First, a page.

Bacteria usually forms biofilms to be able to protect themselves from antibiotics and the body’s immune system. The electrical interactions help bacteria communicate with each other. Once the bacteria is on a surface, they are able to signal activity and multiply. They then encase inside a biofilm.
The Vomaris material uses Advanced Microcurrent Technology to generate microcurrents that are designed to replicate the physiologic electric currents that the body emits to reduce the risk of infection and support natural healing.
Dr. Chandan Sen, professor of surgery and director of the comprehensive wound center at The Ohio State University Wexner Medical Center has gathered evidence from the impact of Vomaris’s wireless electroceutical device on disrupting and prevent biofilm in wounds.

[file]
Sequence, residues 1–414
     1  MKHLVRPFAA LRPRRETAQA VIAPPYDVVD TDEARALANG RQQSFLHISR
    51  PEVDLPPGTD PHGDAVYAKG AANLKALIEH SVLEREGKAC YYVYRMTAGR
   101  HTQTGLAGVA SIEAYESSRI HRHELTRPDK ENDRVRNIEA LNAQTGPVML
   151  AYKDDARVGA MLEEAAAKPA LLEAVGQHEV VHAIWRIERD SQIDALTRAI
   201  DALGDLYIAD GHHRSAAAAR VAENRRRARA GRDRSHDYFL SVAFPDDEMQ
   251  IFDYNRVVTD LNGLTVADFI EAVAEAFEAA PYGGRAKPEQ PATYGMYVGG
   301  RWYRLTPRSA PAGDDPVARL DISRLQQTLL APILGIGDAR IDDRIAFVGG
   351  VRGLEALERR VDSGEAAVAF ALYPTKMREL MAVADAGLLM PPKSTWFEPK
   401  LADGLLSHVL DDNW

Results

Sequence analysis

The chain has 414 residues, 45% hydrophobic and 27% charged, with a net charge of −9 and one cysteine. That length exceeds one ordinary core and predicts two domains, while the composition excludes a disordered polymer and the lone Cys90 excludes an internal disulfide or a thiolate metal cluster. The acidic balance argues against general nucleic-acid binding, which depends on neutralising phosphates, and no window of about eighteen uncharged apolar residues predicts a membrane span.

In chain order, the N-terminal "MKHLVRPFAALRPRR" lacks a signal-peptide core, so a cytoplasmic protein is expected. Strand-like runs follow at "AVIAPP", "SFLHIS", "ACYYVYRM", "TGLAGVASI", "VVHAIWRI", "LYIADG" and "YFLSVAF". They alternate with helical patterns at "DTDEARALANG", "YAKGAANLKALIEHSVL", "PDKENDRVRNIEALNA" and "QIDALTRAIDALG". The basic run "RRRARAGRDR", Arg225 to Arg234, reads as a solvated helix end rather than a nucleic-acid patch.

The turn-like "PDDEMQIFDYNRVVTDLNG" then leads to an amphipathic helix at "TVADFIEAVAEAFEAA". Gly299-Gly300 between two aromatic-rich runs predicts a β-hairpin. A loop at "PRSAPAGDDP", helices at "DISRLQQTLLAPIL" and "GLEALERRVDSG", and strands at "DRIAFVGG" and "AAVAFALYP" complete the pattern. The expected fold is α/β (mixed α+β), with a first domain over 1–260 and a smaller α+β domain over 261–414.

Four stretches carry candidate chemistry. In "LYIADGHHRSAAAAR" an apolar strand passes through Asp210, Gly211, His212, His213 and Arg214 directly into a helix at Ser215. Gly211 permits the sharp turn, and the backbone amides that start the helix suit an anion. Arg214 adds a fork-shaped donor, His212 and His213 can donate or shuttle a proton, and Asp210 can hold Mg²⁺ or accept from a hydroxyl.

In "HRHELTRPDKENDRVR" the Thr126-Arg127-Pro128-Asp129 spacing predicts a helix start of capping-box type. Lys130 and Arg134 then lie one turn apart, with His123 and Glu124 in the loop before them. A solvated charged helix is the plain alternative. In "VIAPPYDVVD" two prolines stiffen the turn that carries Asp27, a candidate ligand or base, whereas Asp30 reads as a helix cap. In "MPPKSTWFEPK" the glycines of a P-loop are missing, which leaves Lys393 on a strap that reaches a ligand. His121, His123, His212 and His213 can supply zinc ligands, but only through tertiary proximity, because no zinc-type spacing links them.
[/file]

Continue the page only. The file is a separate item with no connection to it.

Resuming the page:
To be able to test Vomaris’s device, Sen and his research team turned to pig-based testing since highly pathogenic biofilm-forming bacteria can’t be formed outside of a pre-clinical wound setting.
“The work done by Dr. Sen and his team is robust and exemplary. It demonstrates that Vomaris’s Advanced Microcurrent Technology can present a practical and clinically viable non-pharmacologic alternative to antimicrobial and antibiofilm efficacy in wound care. We are very excited about the role our products can play in addressing the global challenge of biofilm-induced antibiotic resistance,” said Mike Nagel, president and CEO of Vomaris Innovations, in a press release.
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